Tuesday, August 20, 2013

Thoughts on Book Clubs

Today guest blogger Elaine Drennon Little, author of A Southern Place, shares her thoughts on Book Clubs.  A Southern Place is work of fiction about Mary Jane Hatcher, who everyone calls Mojo. As the story of the Mullinax family unfolds, Mojo discovers a family's legacy can be many things: a piece of earth, a familiar dwelling, a shared bond. She likes to think we all have a fresh start. A Southern Place is available as a print and e- book at Amazon. http://www.amazon.com/Southern-Place-Elaine-Drennon-Little/dp/1937178390/?tag=wowwomenonwri-20

Thoughts on Book Clubs

When I hear the term “book club,” it sounds like a dream day in the life I was meant to have, but haven’t found yet. We meet in someone’s warm, cozy living room (not mine if it means cleaning it!) that smells of chocolate chip cookies and cinnamon potpourri. We’re all dressed in jeans and trendy tops with coordinated jewelry that makes us look a casual party in the Chico’s catalogue. None of us are overweight, tired, or filled with angry stories about our jobs, spouses, children, or life in general. We have no problems of our own, so we’ve gathered together to discuss the trials and tribulations of our grown-up imaginary friends, created by close associates who vary from Harper Lee and William Faulkner to John Grisham and Lee Smith. The wine flows freely and so do our tongues; we give equal time to the voices of wise Scout, simple Benjy, dreamy Ivy and a host of legal eagles. We read our favorite passages, we debate whose pain and suffering is greatest, we cry when they “kill our babies.” We relive bits and pieces of these lives we know as well as our own, and our love for one another grows stronger with each new book. Sounds wonderful, right?

I have never “belonged” to such a group, but my name has been on the list of several kinds of book clubs. In the 90s, there were several heated arguments between my husband and I over my “memberships” in the Book-of-the-Month club, the Doubleday Book Club, and some other book club that specialized in paperbacks. It seems that although I could always find “alternate” books to mark as my selection each month, the automatic picks looked good, too, and I too often hid them in the back of my closet instead of sending them back, causing some pretty astronomical bills by the time I got “caught.” There seem to be few books on Oprah’s Book Club list that I haven’t read, and I can honestly say I’ve never read anything with her endorsement that was less than impressive. I currently belong to a Goodreads off-shoot called “On the Southern Literary Trail.” I love reading the discussions and have added a few comments myself, yet I don’t seem to be “technologically savvy” enough to add the books I read or actually start a discussion on my own.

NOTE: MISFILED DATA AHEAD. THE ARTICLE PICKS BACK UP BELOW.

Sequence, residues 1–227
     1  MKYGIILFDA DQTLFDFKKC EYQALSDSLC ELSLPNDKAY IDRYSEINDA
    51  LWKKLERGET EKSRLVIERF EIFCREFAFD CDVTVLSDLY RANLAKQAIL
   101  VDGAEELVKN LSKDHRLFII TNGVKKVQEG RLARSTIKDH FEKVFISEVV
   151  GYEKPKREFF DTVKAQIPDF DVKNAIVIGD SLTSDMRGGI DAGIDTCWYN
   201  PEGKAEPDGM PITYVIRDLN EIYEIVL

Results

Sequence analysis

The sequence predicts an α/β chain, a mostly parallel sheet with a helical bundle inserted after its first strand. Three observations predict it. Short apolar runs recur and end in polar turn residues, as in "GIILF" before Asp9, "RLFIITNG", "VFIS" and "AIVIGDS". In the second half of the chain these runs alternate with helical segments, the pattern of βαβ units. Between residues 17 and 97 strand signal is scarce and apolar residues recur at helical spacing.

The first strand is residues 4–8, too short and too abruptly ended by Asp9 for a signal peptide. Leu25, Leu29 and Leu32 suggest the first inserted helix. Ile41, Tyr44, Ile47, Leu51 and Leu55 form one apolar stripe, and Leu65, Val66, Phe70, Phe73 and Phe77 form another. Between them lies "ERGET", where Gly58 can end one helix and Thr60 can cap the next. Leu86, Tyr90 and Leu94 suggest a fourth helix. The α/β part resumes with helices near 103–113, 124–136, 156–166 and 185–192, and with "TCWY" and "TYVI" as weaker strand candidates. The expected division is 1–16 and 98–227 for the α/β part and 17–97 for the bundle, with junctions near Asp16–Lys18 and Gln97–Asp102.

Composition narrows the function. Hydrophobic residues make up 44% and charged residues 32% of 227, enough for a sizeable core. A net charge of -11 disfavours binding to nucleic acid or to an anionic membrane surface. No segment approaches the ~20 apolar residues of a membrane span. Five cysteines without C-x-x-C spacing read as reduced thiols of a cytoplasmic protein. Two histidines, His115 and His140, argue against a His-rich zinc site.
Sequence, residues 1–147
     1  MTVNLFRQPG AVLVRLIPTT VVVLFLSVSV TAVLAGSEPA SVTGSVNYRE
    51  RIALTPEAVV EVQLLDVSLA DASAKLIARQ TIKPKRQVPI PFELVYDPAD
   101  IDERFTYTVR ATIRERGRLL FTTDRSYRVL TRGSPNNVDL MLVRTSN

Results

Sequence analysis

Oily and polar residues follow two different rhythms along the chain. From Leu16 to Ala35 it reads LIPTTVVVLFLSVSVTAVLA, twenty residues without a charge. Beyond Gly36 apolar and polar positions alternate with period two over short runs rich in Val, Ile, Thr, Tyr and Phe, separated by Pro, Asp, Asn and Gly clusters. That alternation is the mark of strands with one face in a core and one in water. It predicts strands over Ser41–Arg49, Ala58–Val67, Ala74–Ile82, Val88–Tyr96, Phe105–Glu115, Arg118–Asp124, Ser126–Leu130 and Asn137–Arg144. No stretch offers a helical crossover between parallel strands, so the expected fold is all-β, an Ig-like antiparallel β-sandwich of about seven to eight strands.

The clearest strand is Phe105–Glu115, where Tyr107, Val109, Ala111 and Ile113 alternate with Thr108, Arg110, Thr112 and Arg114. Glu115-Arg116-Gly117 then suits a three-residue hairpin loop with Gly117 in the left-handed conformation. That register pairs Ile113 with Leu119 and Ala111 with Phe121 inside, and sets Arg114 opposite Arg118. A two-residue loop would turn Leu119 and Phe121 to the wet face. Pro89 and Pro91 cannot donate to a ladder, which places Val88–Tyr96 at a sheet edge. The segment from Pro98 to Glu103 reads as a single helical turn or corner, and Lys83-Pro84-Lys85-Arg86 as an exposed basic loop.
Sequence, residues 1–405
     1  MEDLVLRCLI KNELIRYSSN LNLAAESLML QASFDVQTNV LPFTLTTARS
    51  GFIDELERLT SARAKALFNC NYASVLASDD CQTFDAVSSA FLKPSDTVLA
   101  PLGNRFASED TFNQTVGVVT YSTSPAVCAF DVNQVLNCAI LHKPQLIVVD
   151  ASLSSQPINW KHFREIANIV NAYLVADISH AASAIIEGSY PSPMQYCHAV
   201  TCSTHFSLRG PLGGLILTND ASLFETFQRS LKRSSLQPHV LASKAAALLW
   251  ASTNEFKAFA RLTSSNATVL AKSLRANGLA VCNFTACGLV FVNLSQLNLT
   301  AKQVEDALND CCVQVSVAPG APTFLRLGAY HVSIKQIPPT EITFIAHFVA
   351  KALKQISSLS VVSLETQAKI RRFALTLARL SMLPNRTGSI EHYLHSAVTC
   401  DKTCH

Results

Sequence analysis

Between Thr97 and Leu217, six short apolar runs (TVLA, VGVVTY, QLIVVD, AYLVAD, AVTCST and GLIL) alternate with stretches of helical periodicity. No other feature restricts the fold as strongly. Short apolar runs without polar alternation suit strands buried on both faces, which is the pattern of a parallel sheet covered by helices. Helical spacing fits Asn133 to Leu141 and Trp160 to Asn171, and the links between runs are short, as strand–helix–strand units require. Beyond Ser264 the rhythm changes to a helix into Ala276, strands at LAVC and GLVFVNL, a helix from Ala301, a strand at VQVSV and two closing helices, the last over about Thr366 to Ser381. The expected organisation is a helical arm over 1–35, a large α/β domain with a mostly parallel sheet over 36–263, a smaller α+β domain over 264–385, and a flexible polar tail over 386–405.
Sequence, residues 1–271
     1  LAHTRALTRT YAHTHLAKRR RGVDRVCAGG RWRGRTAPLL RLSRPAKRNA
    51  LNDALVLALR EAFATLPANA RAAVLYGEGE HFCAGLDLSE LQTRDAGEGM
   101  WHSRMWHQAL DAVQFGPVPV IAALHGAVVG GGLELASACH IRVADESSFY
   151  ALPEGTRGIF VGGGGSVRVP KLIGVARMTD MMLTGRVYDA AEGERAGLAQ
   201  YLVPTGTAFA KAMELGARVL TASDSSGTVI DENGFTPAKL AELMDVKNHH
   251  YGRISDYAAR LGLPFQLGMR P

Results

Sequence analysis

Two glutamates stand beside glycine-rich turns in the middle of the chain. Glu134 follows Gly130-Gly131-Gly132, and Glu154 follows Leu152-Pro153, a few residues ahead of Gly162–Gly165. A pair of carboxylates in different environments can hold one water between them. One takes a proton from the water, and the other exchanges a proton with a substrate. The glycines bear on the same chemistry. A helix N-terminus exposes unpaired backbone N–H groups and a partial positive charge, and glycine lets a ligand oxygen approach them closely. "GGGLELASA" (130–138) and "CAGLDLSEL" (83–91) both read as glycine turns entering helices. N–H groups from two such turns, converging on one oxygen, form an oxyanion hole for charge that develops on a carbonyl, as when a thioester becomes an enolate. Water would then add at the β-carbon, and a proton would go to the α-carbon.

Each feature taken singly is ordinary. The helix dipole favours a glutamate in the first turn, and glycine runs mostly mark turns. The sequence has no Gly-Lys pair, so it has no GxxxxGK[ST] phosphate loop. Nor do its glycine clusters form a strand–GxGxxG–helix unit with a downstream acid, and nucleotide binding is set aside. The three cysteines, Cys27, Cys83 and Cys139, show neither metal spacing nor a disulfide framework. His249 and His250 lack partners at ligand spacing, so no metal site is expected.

Though I still plan to start a book club, one day, hoping it will totally fulfill my dream described in the first paragraph, I like to believe that the “unofficial” book clubs I’ve continued through most of my life are probably better anyway. Never being an outdoorsy or sports enthusiast kind of kid, my first real friendships congealed over favorite books. A best of all weekends for my high school best friend and I involved a trip to the library, a bag of pretzels and a 2-liter soda. We’d gossip, then read, stopping to read to one another when a passage really intrigued us. (Our earliest knowledge of sex came not from other girls’ experiences but from Harold Robbins and Sidney Sheldon!)